For models of amplifiers that did offer a master volume knob, the Gain knob affects preamp gain, and the VR Gain affects the power-amp gain. The CH Volume knob acts as the attenuated output — in other words, the output that your speaker or line input sees. Although this control scheme might seem confusing at first, it makes perfect sense when you start using the ToneLab, and it adds to the realism of the models.


To test Vox's claim of authenticity, I compared the ToneLab with a vintage Fender Blackface Twin, a 1968 Marshall JCM Plexi, a modern Marshall DSL50, a '90s Mesa/Boogie Dual Rectifier, and a modern reissue Vox AC30 — all amps that the ToneLab emulates. For these tests, the ToneLab was patched into my recording rig and played back through my Dynaudio BM6A active studio monitors.

I didn't expect the ToneLab to be sonically identical to the tube amps — even two Plexis won't sound exactly the same — but I wanted to see if it captured the texture, feel, and interaction of the originals. The well-written and comprehensive manual was a huge help in making a fair comparison possible. It lists not only which amps were emulated by the ToneLab's models, but also which specific inputs and channels were simulated. This information allowed me to duplicate the channel and input assignments when comparing the real amps to the ToneLab.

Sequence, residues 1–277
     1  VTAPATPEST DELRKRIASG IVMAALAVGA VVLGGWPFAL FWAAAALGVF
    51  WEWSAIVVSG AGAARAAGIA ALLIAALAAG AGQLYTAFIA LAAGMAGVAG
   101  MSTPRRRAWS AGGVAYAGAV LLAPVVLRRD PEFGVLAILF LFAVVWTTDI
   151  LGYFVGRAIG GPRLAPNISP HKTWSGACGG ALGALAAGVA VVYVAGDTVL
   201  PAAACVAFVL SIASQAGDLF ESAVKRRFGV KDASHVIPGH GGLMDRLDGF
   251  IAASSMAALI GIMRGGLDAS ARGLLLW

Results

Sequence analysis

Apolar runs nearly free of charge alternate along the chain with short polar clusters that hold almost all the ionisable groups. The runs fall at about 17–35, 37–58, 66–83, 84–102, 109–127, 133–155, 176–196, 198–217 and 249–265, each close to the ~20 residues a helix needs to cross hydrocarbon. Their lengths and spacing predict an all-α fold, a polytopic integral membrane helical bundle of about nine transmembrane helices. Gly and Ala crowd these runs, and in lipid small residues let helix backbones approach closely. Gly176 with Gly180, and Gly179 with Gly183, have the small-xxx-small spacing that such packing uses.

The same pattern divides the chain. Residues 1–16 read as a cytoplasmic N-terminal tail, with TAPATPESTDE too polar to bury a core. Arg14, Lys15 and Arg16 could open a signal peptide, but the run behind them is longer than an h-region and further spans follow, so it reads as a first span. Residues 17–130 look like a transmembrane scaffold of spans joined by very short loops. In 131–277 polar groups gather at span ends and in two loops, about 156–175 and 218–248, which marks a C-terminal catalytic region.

ToneLab's Blackface 2×12 captured the tone and feel of the Fender Twin (see Web Clip 1), although it sounded a bit thinner. The ToneLab's Plexi model — Vox calls it UK68P — was also quite good (see Web Clip 2). The feel was dead on, and the tone captured the most recognizably “Marshall” characteristics. The Marshall DSL and Vox AC30 (see Web Clip 3) were emulated nearly perfectly — I was hard pressed to tell the difference, even when staring at the unit being tested. I can't imagine trying to tell the difference in a blind test! ToneLab's Recto emulation accurately captured the feel and distortion characteristics of a Mesa/Boogie Dual Rectifier (see Web Clip 4), although I didn't feel the ToneLab reacted to different preamp settings the same way the Mesa did.